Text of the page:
Friday, January 28, 2011

Snow, snow, snow

We've had about 4.5 feet of snow in the past month. No reason to stay inside, however. The roads are plowed.

I don't think I've ever seen anything quite like this in Connecticut!

The snow banks on the corners (in this case, a traffic island) are so tall you can't see over them when driving.

Here's the Shelton Lakes Rec Path where it crosses Wesley Drive. Nope, I didn't go on it. Need some really big snowshoes for that depth, and mine are on the small side.

Lots of roofs have been collapsing and leaking, so people are doing their best to clear off the snow.

Sunday, January 16, 2011

Roosevelt Forest, Stratford

The Blue Trail off of Pumpkin Ground Road was well-worn by snowshoes this morning. Boots with spikes might work pretty well, but I had my light snowshoes on.

This old bridge has recently been replaced by the one I'm standing on. Good thing, I guess. The swampy area just across the bridge has turned into a deer yard, with tracks all over. In deep snow, deer will congregate in sheltered areas with food and cover.

Lots of animal sign out there. Here are some droppings next to a tunnel.

The deer pawed away the snow and oak leaves looking for acorns...

...and were successfull. Here are some bits of acorn shell up on the snow.

I turned on the red trail, which was not as packed as the blue trail. In fact, it was mostly deer tracks. Definitely needs the snowshoes there.

That's a whole lot of mouse tracks!

I turned off the Red Trail onto this deer trail in an effort to find a geocache.

Oh hey, there it is!

Saturday, January 15, 2011

Snow at Shelton Lakes

A pair of light snowshoes made easy work of the Rec Path, especially since someone had been in there with a snowmobile (illegal, but it happens). I parked at the Dog Park on Nells Rock Rd & Shelton Ave because that's the only lot that had been plowed.

I followed the newly constructed Rec Path behind Hope Lake.

It was beautiful, and I got hot using those snowshoes, even with the snow packed down. That's a good workout!

Here's the Indian Cave at the junction with the White Trail. The cave doesn't look like much head-on, but if you go inside the overhang, it's pretty spacious.

This rock appears to have teeth.

The nice thing about parking at the Dog Park is that Biscuit was overjoyed to finally get off the leash and run around in the fenced area with other dogs (both before and after our hike). It's a two-for-one spot if you have a dog!

Wednesday, January 12, 2011

Fighting the Winter Blues

It's come to my attention that an alarming number of my Connecticut friends are really miserable in the winter. Having grown up in Minnesota, where winters were much longer and more severe (I once took my dog for a walk when the wind chill was -72° just to see what it would feel like), I'm going to offer a few tips on how to make the most of winter.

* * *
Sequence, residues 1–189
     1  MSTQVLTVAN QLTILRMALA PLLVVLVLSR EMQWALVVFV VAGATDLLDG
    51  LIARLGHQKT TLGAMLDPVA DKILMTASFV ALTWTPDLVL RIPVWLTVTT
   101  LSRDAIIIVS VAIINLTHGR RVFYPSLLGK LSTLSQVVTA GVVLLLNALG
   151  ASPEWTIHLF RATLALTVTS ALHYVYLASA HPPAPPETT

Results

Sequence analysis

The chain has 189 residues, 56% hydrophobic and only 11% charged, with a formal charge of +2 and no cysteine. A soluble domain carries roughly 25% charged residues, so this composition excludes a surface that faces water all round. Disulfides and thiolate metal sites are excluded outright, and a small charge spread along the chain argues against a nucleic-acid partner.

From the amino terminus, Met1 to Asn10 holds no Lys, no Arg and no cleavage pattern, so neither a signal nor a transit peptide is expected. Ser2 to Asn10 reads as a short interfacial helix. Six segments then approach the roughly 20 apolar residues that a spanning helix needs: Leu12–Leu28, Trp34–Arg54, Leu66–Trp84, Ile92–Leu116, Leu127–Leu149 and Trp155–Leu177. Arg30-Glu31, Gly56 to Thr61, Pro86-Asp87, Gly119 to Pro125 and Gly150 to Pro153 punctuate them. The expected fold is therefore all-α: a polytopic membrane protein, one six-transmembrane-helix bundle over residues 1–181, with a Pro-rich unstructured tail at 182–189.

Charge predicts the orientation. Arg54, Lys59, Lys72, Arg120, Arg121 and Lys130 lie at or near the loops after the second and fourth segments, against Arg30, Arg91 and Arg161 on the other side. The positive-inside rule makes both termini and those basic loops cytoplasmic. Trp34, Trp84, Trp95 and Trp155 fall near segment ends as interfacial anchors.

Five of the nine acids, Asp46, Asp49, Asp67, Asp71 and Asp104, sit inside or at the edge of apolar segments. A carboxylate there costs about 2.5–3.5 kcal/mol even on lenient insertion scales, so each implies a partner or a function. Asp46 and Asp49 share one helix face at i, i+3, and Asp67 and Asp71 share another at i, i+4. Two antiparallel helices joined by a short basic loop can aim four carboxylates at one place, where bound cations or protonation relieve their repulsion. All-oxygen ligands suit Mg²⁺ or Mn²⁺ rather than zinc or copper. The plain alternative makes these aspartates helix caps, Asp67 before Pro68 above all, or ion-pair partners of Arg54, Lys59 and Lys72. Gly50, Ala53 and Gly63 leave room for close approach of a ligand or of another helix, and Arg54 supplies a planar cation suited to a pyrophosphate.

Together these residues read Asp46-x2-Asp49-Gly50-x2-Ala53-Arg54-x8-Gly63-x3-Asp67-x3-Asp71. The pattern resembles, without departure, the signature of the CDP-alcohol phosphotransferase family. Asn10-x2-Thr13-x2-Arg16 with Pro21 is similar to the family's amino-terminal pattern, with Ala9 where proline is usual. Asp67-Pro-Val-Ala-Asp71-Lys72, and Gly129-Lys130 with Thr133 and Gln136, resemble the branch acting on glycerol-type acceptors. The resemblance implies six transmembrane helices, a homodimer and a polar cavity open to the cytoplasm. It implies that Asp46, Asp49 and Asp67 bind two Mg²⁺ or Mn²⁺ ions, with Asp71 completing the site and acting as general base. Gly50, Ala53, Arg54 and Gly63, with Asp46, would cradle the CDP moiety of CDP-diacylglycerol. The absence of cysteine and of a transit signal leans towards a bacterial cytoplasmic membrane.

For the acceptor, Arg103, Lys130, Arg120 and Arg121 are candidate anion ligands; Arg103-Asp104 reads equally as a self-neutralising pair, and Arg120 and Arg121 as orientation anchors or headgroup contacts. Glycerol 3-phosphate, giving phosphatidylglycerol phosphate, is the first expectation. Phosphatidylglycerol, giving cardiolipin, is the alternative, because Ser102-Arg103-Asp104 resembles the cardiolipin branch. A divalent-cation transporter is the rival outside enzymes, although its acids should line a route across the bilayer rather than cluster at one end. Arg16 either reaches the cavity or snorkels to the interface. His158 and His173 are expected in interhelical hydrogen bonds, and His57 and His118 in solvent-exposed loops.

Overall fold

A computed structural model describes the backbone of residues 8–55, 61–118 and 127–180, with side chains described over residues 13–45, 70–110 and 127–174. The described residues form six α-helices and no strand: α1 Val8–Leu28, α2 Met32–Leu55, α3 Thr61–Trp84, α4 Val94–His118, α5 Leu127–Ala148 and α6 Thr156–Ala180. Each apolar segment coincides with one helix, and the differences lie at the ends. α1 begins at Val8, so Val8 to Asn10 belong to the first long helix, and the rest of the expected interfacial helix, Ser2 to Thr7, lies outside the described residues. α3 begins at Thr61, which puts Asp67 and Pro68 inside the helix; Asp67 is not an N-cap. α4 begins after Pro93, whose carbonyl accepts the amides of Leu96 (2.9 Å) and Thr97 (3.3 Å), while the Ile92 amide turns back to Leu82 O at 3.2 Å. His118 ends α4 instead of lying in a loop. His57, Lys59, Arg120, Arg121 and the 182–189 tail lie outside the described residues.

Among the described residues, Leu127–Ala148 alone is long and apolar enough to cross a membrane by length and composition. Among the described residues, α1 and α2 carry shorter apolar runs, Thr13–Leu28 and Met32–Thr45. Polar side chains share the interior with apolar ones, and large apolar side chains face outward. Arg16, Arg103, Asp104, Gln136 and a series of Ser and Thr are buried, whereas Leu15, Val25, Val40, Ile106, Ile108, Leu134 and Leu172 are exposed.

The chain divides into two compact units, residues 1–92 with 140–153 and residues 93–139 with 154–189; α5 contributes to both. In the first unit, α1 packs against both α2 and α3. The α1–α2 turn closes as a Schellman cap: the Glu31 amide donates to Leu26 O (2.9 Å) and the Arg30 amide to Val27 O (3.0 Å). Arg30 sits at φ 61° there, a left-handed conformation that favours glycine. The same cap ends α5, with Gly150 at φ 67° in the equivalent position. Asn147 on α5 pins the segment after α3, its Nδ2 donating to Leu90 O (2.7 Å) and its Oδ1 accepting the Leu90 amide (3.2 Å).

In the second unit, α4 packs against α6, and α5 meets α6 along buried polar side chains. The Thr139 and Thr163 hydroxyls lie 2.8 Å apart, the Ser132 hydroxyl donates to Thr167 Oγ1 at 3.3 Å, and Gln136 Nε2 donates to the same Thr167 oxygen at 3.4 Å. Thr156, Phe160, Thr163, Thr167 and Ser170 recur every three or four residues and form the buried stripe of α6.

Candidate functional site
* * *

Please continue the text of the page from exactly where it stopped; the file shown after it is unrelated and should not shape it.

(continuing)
1. Get a warmer coat. Seriously. Very few people in Connecticut have a proper winter coat. Teens are out waiting in the snow for the bus in hoodies -- hoodies!-- and adults are out in skimpy trendy pseudo-winter coats (like the ones pictured here), proving they are no smarter than their kids.

These are fine if you live in Alabama. Look at the temperature ratings for a coat before you buy it. I have a long down coat from Lands End rated for -35° to -15° that I just love. I am never cold in that coat. In fact, I get too hot while exercising, but it's great for standing around at the dog park or running errands. While you're at it, get some proper gloves and boots. If you're properly dressed, the winter air on your cheeks will feel crisp and invigorating, not cold.

2. Go do something outside every day. Otherwise you will get "cabin fever" and become depressed. I walk a couple miles a day all year long. It's actually more comfortable walking in the winter than in the summer, assuming you have a proper coat, because you don't get all sweaty and overheated. Take up winter sports like skiing or snowshoeing. This is what people in the North do. Otherwise they would shoot themselves.

3. Don't allow yourself to think about spring or summer or anyplace warm until March. That's right, you heard me. You will just make yourself miserable focusing on what you want instead of making the best of what you have. Go into a winter frame of mind - embrace the season! Focus on the good aspects of winter - hey, no bugs or poison ivy, and no need to take two showers every day only to be covered with sweat after 20 minutes. No pollen or mold. You don't have to mow or weed the garden. And the snow transforms the landscape in a rather magical way. Enjoy it while you can!